Record monsoon rains, in part due to melting glaciers in Pakistan’s northern mountains, have brought devastating floods that have covered over a third of the country’s surface. According to BBC and UN estimates, around 33 million Pakistani, one in seven people, have been affected by the floods, as more than 500,000 houses have been destroyed or severely damaged. Flood waters have also swept away an estimated 700,000 heads of livestock and damaged over 3.6 million acres of crops. The Sindh province is the hardest hit, receiving 464% more rain than the 30-year average.
MoMA Exhibition Explores the Architectures of Decolonization in South Asia
The Museum of Modern Art - MoMA has announced the opening of an exhibition that explores the ways modern architecture in South Asia shaped up "idealistic societal visions and emancipatory politics" of the post-independence period. Titled The Project of Independence: Architectures of Decolonization in South Asia, 1947–1985, the exhibition includes over 200 works, ranging from sketches and drawings to photographs and architecture models sourced from prominent lenders and institutions in Bangladesh, India, Pakistan, and Sri Lanka.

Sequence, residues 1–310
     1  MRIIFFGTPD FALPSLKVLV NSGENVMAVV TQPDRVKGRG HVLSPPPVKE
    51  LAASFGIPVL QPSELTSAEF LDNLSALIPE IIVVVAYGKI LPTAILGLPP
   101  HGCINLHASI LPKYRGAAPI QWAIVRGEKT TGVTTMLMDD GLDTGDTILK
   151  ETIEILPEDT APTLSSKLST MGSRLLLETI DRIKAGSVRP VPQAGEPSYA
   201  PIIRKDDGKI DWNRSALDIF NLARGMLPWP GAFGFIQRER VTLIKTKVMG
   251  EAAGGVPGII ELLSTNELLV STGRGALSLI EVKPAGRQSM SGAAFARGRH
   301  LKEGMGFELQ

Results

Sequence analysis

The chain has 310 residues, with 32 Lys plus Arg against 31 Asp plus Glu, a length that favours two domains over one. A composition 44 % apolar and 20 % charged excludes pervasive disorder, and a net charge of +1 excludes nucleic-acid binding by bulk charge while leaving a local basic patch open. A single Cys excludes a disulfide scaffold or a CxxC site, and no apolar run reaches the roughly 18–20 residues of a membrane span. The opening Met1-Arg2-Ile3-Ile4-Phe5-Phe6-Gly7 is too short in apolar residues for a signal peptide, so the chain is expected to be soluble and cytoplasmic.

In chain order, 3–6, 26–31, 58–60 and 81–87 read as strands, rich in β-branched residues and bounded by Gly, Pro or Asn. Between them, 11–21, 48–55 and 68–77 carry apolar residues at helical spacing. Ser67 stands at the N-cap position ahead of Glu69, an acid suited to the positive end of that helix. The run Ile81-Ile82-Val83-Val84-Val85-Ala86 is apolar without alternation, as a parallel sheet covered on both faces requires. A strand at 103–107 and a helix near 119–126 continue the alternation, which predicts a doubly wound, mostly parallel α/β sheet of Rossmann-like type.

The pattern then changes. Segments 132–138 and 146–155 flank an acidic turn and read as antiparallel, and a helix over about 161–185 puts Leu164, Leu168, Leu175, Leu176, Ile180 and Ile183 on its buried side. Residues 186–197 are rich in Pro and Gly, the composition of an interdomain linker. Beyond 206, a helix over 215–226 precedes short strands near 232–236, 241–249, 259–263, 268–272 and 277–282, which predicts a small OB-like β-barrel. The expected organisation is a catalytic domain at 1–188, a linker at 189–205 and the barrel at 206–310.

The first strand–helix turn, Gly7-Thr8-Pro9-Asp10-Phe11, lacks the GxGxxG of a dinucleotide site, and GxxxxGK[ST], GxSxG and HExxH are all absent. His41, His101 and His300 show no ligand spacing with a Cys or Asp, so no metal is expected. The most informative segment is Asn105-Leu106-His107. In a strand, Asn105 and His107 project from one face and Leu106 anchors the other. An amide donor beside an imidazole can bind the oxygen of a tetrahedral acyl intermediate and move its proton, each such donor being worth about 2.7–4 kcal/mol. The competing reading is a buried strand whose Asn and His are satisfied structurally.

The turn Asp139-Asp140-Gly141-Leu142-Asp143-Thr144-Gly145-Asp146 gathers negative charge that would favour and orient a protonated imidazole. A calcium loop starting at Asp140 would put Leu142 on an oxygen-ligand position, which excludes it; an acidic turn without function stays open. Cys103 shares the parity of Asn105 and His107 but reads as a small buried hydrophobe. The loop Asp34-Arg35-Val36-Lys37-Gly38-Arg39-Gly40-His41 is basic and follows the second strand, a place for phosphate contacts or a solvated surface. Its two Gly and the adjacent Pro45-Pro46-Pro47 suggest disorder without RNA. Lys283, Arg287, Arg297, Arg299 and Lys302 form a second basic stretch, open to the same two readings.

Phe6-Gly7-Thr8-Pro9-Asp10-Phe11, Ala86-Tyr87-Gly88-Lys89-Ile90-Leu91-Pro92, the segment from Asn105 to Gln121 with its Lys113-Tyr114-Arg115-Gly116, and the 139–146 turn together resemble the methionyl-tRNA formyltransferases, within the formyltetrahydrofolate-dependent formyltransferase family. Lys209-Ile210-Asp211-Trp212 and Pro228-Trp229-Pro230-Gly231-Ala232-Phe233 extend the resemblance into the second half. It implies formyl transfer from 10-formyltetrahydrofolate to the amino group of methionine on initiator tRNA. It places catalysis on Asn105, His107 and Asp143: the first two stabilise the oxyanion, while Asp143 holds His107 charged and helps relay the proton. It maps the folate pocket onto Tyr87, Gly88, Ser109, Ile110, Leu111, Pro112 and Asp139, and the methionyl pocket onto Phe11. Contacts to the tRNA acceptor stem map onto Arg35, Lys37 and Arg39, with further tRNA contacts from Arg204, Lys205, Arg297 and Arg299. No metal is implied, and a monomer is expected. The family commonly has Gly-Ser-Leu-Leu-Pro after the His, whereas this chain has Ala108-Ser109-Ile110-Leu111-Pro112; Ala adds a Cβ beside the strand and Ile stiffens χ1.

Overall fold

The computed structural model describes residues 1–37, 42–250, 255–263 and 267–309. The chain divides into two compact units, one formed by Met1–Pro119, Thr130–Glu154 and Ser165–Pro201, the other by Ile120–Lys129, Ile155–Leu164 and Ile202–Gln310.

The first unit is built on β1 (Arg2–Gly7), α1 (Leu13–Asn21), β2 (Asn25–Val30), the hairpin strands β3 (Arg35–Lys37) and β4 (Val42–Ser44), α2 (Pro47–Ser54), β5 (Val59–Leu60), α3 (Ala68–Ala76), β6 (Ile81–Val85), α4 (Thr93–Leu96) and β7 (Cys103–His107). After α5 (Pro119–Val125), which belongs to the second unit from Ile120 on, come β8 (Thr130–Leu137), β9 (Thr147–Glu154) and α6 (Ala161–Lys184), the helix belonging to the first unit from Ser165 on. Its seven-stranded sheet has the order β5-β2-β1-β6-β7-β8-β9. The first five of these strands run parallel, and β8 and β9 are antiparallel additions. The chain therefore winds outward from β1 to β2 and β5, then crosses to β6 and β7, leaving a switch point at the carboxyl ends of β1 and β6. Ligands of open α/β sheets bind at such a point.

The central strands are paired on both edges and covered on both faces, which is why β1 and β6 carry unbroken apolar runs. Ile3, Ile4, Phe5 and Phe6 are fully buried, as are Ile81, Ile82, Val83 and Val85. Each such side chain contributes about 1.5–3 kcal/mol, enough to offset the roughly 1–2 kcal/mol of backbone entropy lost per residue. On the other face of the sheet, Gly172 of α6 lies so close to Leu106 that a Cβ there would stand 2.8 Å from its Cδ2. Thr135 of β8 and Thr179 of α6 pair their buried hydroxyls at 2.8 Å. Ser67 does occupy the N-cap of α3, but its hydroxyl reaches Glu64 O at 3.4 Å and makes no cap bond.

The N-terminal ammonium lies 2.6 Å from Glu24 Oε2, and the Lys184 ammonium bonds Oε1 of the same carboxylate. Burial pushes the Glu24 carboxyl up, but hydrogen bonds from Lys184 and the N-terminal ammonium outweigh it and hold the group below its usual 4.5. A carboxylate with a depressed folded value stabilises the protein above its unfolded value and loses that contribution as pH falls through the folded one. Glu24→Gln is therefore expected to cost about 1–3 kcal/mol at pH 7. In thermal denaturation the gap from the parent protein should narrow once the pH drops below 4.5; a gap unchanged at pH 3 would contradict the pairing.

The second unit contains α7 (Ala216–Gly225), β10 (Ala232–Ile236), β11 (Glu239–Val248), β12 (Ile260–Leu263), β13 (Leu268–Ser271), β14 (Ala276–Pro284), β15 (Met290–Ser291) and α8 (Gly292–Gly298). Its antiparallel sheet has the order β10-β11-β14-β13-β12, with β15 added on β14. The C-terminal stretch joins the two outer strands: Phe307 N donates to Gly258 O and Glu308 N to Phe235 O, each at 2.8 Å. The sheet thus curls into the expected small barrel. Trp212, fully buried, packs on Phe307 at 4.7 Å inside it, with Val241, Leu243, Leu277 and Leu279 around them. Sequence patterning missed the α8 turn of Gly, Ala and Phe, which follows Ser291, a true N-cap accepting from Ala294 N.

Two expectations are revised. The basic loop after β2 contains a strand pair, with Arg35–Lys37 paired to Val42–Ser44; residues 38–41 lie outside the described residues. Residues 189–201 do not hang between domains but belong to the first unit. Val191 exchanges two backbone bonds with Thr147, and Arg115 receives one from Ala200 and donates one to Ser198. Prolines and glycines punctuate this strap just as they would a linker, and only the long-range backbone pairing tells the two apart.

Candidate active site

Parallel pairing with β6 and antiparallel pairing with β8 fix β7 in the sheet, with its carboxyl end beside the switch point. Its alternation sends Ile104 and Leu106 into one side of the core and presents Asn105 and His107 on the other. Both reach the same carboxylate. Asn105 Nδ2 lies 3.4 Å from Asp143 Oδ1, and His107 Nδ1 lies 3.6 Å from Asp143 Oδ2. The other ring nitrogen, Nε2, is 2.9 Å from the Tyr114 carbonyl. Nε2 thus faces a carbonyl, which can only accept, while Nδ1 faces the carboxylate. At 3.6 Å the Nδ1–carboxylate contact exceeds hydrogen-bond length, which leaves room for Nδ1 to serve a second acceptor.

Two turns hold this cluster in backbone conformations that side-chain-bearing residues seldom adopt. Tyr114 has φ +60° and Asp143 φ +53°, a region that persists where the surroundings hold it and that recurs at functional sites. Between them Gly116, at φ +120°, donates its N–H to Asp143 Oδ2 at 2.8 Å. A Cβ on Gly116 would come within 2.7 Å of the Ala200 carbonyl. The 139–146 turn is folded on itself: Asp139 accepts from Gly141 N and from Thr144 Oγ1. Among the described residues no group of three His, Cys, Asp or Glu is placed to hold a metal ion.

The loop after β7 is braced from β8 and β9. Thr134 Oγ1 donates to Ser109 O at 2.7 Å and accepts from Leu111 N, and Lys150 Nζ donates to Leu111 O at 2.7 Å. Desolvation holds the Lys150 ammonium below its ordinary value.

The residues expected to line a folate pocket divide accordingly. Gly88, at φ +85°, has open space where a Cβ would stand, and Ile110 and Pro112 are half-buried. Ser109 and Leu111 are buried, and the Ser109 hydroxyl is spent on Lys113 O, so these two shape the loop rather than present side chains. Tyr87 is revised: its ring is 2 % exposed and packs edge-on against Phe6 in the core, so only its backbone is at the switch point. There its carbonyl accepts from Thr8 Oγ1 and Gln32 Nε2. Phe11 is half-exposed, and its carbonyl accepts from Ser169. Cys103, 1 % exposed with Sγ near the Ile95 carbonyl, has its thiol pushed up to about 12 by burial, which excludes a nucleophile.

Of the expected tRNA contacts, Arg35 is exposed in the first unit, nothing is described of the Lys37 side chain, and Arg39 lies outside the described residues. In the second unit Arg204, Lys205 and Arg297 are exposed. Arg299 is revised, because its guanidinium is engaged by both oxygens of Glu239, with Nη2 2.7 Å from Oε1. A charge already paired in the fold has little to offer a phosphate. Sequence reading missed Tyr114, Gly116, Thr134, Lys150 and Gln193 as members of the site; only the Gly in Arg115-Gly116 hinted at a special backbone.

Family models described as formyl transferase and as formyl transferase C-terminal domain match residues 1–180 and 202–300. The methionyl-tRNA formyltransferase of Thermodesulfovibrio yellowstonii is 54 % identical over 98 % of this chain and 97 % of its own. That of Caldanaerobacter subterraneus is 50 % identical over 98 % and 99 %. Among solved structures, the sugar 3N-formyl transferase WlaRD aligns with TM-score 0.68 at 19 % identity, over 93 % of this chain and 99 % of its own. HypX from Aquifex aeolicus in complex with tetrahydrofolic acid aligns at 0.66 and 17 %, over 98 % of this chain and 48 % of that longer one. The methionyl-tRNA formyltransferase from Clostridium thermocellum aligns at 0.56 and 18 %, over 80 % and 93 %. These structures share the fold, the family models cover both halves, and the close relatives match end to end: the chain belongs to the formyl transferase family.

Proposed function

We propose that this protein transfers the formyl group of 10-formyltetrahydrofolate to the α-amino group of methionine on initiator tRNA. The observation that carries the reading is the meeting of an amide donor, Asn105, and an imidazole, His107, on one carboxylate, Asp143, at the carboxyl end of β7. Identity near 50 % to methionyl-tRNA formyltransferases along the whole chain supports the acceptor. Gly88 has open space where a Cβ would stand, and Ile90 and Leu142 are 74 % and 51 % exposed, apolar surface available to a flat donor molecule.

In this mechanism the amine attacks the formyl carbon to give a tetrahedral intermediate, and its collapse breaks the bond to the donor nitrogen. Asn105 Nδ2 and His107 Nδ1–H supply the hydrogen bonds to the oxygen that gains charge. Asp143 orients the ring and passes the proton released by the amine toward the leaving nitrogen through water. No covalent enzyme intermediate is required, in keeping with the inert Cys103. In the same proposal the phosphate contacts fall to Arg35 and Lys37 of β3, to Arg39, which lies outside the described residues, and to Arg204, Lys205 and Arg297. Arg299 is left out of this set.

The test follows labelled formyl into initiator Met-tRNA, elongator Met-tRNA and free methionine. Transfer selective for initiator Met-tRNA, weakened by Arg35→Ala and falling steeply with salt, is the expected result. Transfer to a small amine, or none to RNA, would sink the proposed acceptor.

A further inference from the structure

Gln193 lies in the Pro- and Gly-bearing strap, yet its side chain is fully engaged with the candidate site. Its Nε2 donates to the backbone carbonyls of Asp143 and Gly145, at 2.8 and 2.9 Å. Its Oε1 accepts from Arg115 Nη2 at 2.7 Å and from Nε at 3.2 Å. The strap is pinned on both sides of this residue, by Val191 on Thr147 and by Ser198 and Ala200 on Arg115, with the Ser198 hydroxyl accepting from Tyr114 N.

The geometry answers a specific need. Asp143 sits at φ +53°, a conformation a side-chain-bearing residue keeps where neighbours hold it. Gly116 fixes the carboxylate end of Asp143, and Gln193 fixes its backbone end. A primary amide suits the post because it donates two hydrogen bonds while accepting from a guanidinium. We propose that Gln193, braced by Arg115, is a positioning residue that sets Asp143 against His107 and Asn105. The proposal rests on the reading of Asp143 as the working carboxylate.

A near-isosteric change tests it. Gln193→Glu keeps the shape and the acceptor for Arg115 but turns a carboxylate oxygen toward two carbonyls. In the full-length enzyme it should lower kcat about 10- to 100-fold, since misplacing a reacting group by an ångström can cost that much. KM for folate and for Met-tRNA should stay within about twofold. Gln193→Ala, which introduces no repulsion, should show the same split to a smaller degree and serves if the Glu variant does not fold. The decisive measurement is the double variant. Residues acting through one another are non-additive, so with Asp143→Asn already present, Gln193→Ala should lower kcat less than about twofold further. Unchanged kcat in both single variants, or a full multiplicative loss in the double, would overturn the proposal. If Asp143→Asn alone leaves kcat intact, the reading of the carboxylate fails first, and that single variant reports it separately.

Atelier Bow-Wow, OMA, and Amale Andraos Live From the 2016 Oslo Architecture Triennale
“Belonging,” the curatorial quintet of the 2016 Oslo Architecture Triennale, After Belonging, argue, “is no longer something bound to one’s own space of residence, or to the territory of a nation.” For this group of Spanish-born architects, academics and theorists—Lluís Alexandre Casanovas Blanco, Ignacio Galán, Carlos Minguez Carrasco, Alejandra Navarrese Llopis and Marina Otero Verzier—the very notion of our belongings and what it means to belong is becoming increasingly unstable.
After Belonging is the sixth incarnation of the Triennale and the first one in which a single curatorial thread has woven all of the festival’s activities together, including the international conference. The goal of the two primary exhibitions—On Residence and In Residence, including a series of Intervention Strategies—is to develop platforms with the aim of “rehearsing research strategies,” providing new ways for architects to engage with “contemporary changing realities."
International Dialogues – Vernacular Approaches: Yasmeen Lari with Razia Iqbal